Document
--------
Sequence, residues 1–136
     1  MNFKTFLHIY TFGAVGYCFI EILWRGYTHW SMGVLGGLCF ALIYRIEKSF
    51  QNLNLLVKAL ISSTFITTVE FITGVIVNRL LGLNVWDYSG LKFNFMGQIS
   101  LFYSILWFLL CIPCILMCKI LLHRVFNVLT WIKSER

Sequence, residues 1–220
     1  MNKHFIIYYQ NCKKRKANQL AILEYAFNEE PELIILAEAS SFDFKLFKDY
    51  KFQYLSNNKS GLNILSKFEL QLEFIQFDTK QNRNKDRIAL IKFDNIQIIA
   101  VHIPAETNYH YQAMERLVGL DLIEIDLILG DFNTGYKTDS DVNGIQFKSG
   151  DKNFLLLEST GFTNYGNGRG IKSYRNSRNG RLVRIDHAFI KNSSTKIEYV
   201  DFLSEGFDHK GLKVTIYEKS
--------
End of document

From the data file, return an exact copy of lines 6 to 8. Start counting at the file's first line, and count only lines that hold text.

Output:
     1  MNKHFIIYYQ NCKKRKANQL AILEYAFNEE PELIILAEAS SFDFKLFKDY
    51  KFQYLSNNKS GLNILSKFEL QLEFIQFDTK QNRNKDRIAL IKFDNIQIIA
   101  VHIPAETNYH YQAMERLVGL DLIEIDLILG DFNTGYKTDS DVNGIQFKSG